Iron pillar of Delhi

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The iron pillar of Delhi is a 7 m (23 ft) kirti stambha (column of fame or victory column), originally erected and dedicated as dhvaja (banner) to Hindu deity lord Vishnu in 3rd to 4th century CE by king Chandragupta II , currently standing in the Qutb complex at Mehrauli in Delhi, India. It is famous for the rust-resistant composition of the metals used in its construction.

Quotes[edit]

  • (Verse 1) He, on whose arm fame was inscribed by the sword, when, in battle in the Vanga countries (Bengal), he kneaded (and turned) back with (his) breast the enemies who, uniting together, came against (him);-he, by whom, having crossed in warfare the seven mouths of the (river) Sindhu, the Vahlikas were conquered;-he, by the breezes of whose prowess the southern ocean is even still perfumed;-
    (Verse 2) He, the remnant of the great zeal of whose energy, which utterly destroyed (his) enemies, like (the remnant of the great glowing heat) of a burned-out fire in a great forest, even now leaves not the earth; though he, the king, as if wearied, has quit this earth, and has gone to the other world, moving in (bodily) from to the land (of paradise) won by (the merit of his) actions, (but) remaining on (this) earth by (the memory of his) fame;-
    (Verse 3) By him, the king, attained sole supreme sovereignty in the world, acquired by his own arm and (enjoyed) for a very long time; (and) who, having the name of Chandra, carried a beauty of countenance like (the beauty of) the full-moon,-having in faith fixed his mind upon (the god) Vishnu, this lofty standard of the divine Vishnu was set up on the hill (called) Vishnupada.
    • Inscription on Iron Pillar, J. F. Fleet's 1888 translation. R. Balasubramaniam (2005). Story of the Delhi Iron Pillar. Foundation Books. ISBN 978-81-7596-278-1.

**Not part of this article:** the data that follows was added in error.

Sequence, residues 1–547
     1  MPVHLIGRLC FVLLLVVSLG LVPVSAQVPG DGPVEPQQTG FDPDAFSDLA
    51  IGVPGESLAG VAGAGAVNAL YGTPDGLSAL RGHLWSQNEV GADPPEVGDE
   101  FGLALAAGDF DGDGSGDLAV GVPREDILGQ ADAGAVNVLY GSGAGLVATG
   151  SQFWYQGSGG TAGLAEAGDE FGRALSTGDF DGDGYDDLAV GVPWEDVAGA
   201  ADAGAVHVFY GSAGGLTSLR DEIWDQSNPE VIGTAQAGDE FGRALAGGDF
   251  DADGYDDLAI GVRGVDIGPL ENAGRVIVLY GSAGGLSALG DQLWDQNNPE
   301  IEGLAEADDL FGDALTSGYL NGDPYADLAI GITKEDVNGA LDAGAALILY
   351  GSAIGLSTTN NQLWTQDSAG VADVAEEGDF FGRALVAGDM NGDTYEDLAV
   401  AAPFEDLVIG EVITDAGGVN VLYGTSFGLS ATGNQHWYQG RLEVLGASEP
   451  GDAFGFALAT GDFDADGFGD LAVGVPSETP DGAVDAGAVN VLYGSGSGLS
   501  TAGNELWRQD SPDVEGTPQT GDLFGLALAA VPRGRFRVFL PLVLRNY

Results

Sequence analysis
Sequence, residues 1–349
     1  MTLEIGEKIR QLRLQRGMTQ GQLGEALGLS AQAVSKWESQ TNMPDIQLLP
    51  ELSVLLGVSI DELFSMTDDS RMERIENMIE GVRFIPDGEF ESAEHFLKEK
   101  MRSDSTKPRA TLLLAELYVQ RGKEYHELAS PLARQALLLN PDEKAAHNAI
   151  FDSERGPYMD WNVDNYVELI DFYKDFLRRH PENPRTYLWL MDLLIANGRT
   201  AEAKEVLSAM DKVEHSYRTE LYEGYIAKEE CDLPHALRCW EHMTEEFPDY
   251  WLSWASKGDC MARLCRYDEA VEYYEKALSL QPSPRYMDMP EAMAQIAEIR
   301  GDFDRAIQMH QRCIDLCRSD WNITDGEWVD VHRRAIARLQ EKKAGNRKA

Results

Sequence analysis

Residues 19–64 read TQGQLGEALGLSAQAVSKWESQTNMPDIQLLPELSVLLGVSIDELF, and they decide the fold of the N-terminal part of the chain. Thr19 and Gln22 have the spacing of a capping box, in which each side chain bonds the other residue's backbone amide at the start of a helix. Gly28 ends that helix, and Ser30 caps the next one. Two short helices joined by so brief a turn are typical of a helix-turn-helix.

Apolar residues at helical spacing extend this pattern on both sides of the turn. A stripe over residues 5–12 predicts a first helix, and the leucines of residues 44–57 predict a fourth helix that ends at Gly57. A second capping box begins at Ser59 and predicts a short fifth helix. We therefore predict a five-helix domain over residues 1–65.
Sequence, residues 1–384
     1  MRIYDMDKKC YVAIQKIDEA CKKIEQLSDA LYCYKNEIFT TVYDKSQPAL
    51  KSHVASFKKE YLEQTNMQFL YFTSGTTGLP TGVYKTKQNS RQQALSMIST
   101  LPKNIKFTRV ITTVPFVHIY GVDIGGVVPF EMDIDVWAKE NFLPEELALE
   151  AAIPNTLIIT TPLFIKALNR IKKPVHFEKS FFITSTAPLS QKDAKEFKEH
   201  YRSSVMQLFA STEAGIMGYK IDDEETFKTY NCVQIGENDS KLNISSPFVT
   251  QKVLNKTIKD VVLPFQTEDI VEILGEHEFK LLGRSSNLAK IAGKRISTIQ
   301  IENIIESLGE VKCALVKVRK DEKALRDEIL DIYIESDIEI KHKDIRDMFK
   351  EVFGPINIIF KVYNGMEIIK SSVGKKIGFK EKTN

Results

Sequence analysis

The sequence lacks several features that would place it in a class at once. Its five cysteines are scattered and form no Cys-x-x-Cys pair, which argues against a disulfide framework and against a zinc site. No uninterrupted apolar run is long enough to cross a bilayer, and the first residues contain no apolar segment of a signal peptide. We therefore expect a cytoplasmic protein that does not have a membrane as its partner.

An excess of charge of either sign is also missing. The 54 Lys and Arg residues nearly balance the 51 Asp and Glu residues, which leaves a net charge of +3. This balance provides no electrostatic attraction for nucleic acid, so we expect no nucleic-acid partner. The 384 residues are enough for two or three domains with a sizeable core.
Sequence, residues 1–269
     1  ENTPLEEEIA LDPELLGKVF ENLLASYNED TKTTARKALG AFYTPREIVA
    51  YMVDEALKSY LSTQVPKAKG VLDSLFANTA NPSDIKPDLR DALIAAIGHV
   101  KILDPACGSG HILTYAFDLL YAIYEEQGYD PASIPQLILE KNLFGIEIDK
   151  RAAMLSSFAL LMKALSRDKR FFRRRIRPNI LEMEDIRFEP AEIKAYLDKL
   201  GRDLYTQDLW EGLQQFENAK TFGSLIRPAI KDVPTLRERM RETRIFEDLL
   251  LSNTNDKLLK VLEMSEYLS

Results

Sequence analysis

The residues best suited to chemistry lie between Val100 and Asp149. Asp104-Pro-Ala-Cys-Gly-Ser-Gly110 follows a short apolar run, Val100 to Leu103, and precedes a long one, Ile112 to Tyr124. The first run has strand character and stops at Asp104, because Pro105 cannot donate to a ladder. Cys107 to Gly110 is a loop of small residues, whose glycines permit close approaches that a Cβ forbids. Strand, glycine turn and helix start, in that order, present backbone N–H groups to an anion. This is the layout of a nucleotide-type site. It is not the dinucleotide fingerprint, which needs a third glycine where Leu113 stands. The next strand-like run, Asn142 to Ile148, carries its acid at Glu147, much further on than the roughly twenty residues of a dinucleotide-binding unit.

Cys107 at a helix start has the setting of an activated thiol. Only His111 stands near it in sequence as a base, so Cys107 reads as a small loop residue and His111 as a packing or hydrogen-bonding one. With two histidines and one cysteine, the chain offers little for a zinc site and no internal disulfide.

• The art of tempering and casting iron developed in India long before its known appearance in Europe; Vikramaditya, for example, erected at Delhi (ca. 380 A.D.) an iron pillar that stands untarnished today after fifteen centuries; and the quality of metal, or manner of treatment, which has preserved it from rust or decay is still a mystery to modern metallurgical science. Before the European invasion the smelting of iron in small charcoal furnaces was one of the major industries of India. The Industrial Revolution taught Europe how to carry out these processes more cheaply on a larger scale, and the Indian industry died under the competition. Only in our own time are the rich mineral resources of India being again exploited and explored.
    • Will Durant, Our Oriental heritage [1]
  • Iron Pillar: “…In our opinion this pillar was made in the ninth century before (the birth of) Lord Jesus… When Rai Pithora built a fort and an idol-house near this pillar, it stood in the courtyard of the idol-house. And when Qutbu’d-Din Aibak constructed a mosque after demolishing the idol-house, this pillar stood in the courtyard of the mosque… ”Idol-house of Rai Pithora: “There was an idol-house near the fort of Rai Pithora. It was very famous… It was built along with the fort in 1200 Bikarmi [Vikrama Samvat] corresponding to AD 1143 and AH 538. The building of this temple was very unusual, and the work done on it by stone-cutters is such that nothing better can be conceived. The beautiful carvings on every stone in it defy description… The eastern and northern portions of this idol-house have survived intact. The fact that the Iron Pillar, which belongs to the Vaishnava faith, was kept inside it, as also the fact that sculptures of Kirshan avatar and Mahadev and Ganesh and Hanuman were carved on its walls, leads us to believe that this temple belonged to the Vaishnava faith. Although all sculptures were mutilated in the times of Muslims, even so a close scrutiny can identify as to which sculpture was what. In our opinion there was a red-stone building in this idol-house, and it was demolished. For, this sort of old stones with sculptures carved on them are still found.
    • Syed Ahmed Khan: Asaru’s-Sanadid. About antiquities of Delhi. Translated from the Urdu of Asaru’s-Sanadid, edited by Khaleeq Anjum, New Delhi, 1990. Vol. I, p. 305-16

External links[edit]

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